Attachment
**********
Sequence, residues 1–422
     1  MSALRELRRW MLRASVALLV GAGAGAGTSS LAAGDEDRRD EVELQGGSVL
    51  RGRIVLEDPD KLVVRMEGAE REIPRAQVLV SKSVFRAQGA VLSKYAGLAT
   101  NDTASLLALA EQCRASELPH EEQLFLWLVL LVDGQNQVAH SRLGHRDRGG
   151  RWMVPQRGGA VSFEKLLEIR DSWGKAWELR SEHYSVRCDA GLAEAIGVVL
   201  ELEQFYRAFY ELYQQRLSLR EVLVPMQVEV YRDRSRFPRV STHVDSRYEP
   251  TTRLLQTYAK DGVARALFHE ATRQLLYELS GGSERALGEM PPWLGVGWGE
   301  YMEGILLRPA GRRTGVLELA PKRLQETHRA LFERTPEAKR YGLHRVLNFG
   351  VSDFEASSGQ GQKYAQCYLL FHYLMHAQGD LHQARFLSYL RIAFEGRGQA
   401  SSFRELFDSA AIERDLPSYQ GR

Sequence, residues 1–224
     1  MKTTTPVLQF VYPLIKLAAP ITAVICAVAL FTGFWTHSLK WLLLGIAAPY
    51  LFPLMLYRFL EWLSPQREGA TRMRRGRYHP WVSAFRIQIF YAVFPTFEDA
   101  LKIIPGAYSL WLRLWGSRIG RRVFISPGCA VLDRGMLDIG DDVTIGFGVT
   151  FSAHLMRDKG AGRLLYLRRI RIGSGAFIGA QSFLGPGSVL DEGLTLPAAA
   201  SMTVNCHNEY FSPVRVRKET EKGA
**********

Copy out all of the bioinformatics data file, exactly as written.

Sequence, residues 1–422
     1  MSALRELRRW MLRASVALLV GAGAGAGTSS LAAGDEDRRD EVELQGGSVL
    51  RGRIVLEDPD KLVVRMEGAE REIPRAQVLV SKSVFRAQGA VLSKYAGLAT
   101  NDTASLLALA EQCRASELPH EEQLFLWLVL LVDGQNQVAH SRLGHRDRGG
   151  RWMVPQRGGA VSFEKLLEIR DSWGKAWELR SEHYSVRCDA GLAEAIGVVL
   201  ELEQFYRAFY ELYQQRLSLR EVLVPMQVEV YRDRSRFPRV STHVDSRYEP
   251  TTRLLQTYAK DGVARALFHE ATRQLLYELS GGSERALGEM PPWLGVGWGE
   301  YMEGILLRPA GRRTGVLELA PKRLQETHRA LFERTPEAKR YGLHRVLNFG
   351  VSDFEASSGQ GQKYAQCYLL FHYLMHAQGD LHQARFLSYL RIAFEGRGQA
   401  SSFRELFDSA AIERDLPSYQ GR

Sequence, residues 1–224
     1  MKTTTPVLQF VYPLIKLAAP ITAVICAVAL FTGFWTHSLK WLLLGIAAPY
    51  LFPLMLYRFL EWLSPQREGA TRMRRGRYHP WVSAFRIQIF YAVFPTFEDA
   101  LKIIPGAYSL WLRLWGSRIG RRVFISPGCA VLDRGMLDIG DDVTIGFGVT
   151  FSAHLMRDKG AGRLLYLRRI RIGSGAFIGA QSFLGPGSVL DEGLTLPAAA
   201  SMTVNCHNEY FSPVRVRKET EKGA